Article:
But the moment she placed this idea of God by the side of the impression she had once so suddenly received of his inconceivable greatness and entire spirituality, that moment she exclaimed mentally, ‘No, God does not stop to rest, for he is a spirit, and cannot tire; he cannot want for light, for he hath all light in himself. And if “God is all in all,” and “worketh all in all,” as I have heard them read, then it is impossible he should rest at all; for if he did, every other thing would stop and rest too; the waters would not flow, and the fishes could not swim; and all motion must cease. God could have no pauses in his work, and he needed no Sabbaths of rest. Man might need them, and he should take them when he needed them. . . . As it regarded the worship of God, he was to be worshipped at all times and in all places; and one portion of time never seemed to her more holy than another.’

References:
[1] Joy Bostic, African American Female Mysticism: Nineteenth-Century Religious Activism (Palgrave Macmillan: 2013), 70.

Sojourner Truth, The Narrative of Sojourner Truth (Digireads.com Publishing: 2018), 64-65.

Image credit: Sister Thea Bowman (detail), TheArthur Wright. Used with permission of the artist.
Inspiration for this week’s banner image: God is present in everything. In the universe, in creation, in me and all that happens to me, in my brothers and sisters, in the church, and in the Eucharist—everywhere. —Thea Bowman, FSPA
Read Full Entry

Black Women Mystics

God’s Abiding Presence
Monday, July 29, 2019

Today, I’d like to feature the words of a modern mystic I am honored to know. Dr. Barbara Holmes is a teacher in our own Living School, a former lawyer, professor, and author of several books. She has taught me, our staff, and students so much. I hope you will go deeper with her work beyond today’s excerpt from Joy Unspeakable. I have been telling folks that there are people who talk about God and there are people who know God. Barbara is the latter:

Holiness is a concept that makes ordinary people nervous. . . . The holiness that Jesus describes has less to do with pious character traits and more to do with the hosting of God’s abiding presence. It is not effort but invitation that opens the human spirit to the possibility that God may sojourn with us.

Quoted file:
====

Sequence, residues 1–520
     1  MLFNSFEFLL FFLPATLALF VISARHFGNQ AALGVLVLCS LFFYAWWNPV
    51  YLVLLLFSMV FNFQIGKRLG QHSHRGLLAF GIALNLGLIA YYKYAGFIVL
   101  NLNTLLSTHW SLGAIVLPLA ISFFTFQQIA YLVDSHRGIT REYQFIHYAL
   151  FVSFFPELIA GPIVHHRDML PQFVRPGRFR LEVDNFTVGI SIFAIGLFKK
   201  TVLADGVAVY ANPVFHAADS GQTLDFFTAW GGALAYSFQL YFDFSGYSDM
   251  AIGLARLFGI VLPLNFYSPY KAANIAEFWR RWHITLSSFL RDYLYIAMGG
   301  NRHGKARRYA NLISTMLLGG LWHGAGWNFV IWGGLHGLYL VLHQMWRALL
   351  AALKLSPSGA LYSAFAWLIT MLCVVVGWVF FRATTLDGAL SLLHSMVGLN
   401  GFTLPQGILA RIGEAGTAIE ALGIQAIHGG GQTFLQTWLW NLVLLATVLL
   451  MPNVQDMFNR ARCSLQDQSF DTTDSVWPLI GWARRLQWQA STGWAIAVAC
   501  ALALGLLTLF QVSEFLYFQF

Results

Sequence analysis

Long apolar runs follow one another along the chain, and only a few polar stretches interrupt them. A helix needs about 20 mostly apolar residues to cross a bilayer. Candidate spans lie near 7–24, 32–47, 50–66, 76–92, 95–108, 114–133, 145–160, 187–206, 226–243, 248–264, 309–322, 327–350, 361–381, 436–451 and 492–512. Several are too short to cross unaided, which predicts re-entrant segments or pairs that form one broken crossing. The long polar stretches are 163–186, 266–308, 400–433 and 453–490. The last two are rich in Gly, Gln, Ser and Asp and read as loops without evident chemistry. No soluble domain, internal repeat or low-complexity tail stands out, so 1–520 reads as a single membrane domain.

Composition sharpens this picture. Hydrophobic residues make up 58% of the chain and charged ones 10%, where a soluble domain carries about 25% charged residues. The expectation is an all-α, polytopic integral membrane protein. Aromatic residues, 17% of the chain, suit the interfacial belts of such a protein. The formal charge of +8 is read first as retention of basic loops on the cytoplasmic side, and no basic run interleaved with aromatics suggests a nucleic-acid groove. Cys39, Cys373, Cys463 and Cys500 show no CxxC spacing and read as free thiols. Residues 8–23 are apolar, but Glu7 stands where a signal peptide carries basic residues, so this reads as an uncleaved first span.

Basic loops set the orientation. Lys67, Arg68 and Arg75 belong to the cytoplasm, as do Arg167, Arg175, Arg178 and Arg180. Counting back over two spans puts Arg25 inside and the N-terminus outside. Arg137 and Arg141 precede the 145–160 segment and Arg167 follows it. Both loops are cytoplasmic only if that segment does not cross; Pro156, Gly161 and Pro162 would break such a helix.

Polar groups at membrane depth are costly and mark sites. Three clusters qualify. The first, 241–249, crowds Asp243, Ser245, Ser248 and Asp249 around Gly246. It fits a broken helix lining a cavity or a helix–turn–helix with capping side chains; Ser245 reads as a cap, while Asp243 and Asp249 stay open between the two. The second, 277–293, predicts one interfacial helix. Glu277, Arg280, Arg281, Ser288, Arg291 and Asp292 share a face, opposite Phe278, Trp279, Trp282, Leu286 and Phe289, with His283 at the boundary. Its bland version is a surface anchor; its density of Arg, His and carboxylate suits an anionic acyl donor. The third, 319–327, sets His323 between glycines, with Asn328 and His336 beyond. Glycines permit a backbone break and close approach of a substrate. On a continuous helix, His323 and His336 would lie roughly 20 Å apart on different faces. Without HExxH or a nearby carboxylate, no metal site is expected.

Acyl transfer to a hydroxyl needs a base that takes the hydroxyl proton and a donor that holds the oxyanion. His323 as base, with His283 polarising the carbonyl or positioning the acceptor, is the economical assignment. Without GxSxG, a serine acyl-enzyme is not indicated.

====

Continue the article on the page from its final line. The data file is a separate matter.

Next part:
Receptivity is not a cognitive exercise but rather the involvement of the intellect and senses with a spiritual reunion and oneness with God. When this oneness occurs, it is accompanied by heightened spiritual awareness and insight. Contemplative moments also carry with them the potential for mystical encounter which only compounds the difficulty of describing the experience in words. C. S. Lewis’s attempt to describe his own mystical event is a prime example. He says, “I felt as if I were a man of snow at long last beginning to melt. The melting was starting in my back—drip-drip and presently trickle-trickle. I rather disliked the feeling.” [1] His wry comments are clearer than any somber attempt to describe the event with exactitude. Rather, this contemplative moment is a spiritual event that kisses the cognitive but will not be enslaved to its rigidities.

Our twenty-first century ideas about contemplative practices are borrowed from a Christian heritage that relegates contemplation to desert mothers and fathers, anchorites and monastics. Although we have learned much from our Catholic brothers and sisters, there is a rich but neglected legacy in the Protestant tradition. When the word contemplation comes to my mind I want to think of Thomas Merton . . . [and] Martin Luther King, Jr. . . . I want to present Sojourner Truth, Harriet Tubman, Fannie Lou Hamer, Barbara Jordan and all the black congregations that sustained whole communities without fanfare or notice. Like Christianity, contemplative practices come in many forms; these practices have survived and thrived through inculturation and ethnic adaptation. . . .

The human task is threefold. First, the human spirit must connect to the eternal by turning toward God’s immanence and ineffability with yearning. Second, each person must explore the inner reality of his or her humanity facing unmet potential and catastrophic failure with unmitigated honesty and grace. Finally, each one of us must face the unlovable neighbor, the enemy outside of our embrace, and the shadow skulking in the recesses of our own hearts. Only then can we declare God’s perplexing and unlikely peace on earth.

References:
[1] C. S. Lewis, Surprised by Joy: The Shape of My Early Life (Geoffrey Bles: 1955), 22.